Bark Out: Experiential Decolonization

 This Bark Out will focus on changing our relationship with natural spaces and other living beings. How we engage with natural spaces is laden with colonist value sets, and there’s a lot of vital work we can do by being in nature in new, intentional ways.

My name is Kate Kauffman (they/them pronouns), and I’ll be your facilitator for this day of intentional work. I am a nonbinary white settler colonialist who has lived in stolen and unceded lands of what is now known as the state of Oregon since I was born. I do not purport to be an expert in breaking through settler colonial worldview, but I am actively doing my own work on it and otherwise have years of experience of facilitating groups in experiential learning processes, and providing mental health therapy and coaching. I have experience in creating welcoming and relevant spaces for people from dominant and non-dominant identities; however, the conversation of this Bark Out will focus on the experience of white settler colonialism. People who experience settler colonialism as 1st or 2nd generation immigrants, black/African American descendants of enslaved people, and indigenous peoples are so welcome, but should know the flavor of the day so you can opt in or out well informed.  Together with our fellow humans and non-humans that we’ll be visiting, I hope we will all find new depth to how we can interact and be with the land we live with in humble, conscious, and connected ways.

We will spend our time at Kingsley D. Bundy Park. At 9 am, please meet at SE Foster Rd and 141st St, in the pullout in front of a vacant lot for sale. You may leave your car at this lot. The # 10 bus gets you to 136th and Foster and you can walk to 141st. If you need a ride from the bus stop to our meeting location, please contact Kate at, or text 971-235-1562. I will be at 141st with a Bark sign, and we will walk to the park together. For our time together, you can expect to do the following activities. Please prepare yourself ahead of time for being open to all of these: Personal journaling and reflection on some values of settler colonialism in your life; Small and full group shares and processing; Interacting with the non-human beings around you without other humans by you; Navigating a small natural space (less that 2 acres) either on-trail or off-trail; Using all of your sensations; and wrestling with your settler colonialist worldview in a group that will show empathy, care, and feedback as needed.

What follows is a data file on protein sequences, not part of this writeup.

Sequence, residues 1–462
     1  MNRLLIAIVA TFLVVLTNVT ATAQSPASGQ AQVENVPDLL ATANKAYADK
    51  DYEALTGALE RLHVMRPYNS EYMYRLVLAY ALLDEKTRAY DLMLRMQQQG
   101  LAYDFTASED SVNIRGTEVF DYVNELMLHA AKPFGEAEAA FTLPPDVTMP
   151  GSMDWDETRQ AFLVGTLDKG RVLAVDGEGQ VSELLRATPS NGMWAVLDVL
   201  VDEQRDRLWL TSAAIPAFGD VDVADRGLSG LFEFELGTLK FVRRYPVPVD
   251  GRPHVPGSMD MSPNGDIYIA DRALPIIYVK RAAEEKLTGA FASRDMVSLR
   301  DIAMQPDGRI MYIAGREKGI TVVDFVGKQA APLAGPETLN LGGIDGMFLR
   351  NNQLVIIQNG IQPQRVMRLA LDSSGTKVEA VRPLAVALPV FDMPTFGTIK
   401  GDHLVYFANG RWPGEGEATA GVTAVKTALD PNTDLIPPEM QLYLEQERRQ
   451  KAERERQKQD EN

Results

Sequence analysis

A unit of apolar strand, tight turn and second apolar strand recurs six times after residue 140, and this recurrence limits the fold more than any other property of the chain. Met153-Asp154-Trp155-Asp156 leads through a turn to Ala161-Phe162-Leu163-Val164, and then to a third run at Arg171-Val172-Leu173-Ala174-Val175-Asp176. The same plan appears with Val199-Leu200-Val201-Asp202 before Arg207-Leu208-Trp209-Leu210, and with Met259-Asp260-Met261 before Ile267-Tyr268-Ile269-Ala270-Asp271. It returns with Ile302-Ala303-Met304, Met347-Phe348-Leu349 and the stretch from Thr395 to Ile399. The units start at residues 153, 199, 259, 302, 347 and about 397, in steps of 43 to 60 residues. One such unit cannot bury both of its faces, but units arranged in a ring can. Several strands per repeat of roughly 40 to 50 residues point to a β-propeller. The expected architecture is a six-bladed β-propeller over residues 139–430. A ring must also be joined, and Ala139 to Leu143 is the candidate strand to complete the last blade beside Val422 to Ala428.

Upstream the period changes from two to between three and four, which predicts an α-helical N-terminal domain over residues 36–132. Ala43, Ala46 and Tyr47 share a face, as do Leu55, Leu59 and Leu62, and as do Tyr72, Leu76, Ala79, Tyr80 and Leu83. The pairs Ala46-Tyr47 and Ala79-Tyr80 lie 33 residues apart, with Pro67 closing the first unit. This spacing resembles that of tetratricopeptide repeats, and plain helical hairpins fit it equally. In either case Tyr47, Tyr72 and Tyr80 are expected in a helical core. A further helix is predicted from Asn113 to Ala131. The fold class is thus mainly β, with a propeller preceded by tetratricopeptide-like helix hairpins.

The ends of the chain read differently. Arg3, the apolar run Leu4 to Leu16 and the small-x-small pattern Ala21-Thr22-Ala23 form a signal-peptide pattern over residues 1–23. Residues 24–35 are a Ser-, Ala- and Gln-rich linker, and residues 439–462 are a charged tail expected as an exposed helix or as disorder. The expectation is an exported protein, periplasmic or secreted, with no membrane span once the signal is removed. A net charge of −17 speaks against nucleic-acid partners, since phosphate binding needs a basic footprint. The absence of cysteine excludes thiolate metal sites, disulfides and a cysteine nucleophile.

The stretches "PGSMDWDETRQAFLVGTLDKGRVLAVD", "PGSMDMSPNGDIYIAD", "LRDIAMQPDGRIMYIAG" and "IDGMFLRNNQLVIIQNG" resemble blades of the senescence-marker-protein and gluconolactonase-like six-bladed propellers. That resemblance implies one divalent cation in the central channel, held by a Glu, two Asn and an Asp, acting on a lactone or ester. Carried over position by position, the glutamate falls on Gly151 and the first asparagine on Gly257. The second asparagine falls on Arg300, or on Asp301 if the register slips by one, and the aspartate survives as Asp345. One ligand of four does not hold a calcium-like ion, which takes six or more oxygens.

Expect to do some sitting, some standing, and some walking through uneven terrain. If you have any accessibility needs, please contact Haley Spadafora at

Supplies to bring:

-chair or mat if needed for sitting

-journal and pen/pencil

-lunch, water, snacks

-GPS app on phone if needed to feel comfortable being in the woods slightly separated from other people

-a gift for the woods: something from your life that you’ve made special to yourself that is biodegradable, simple, and/or healthy for the forest and its inhabitants. Examples could be some dried herbs from your garden, egg shells from your eggs, a clipping of your hair, a rock or piece of moss/wood that you found and kept, a small satchel of soil amendments, bones from a recent meal, a leaf or feather, etc

If you need any of the above supplies provided for you, please contact Haley.

All hike participants will have the opportunity to learn about and discuss the ecology, history, and current social dimensions of the area.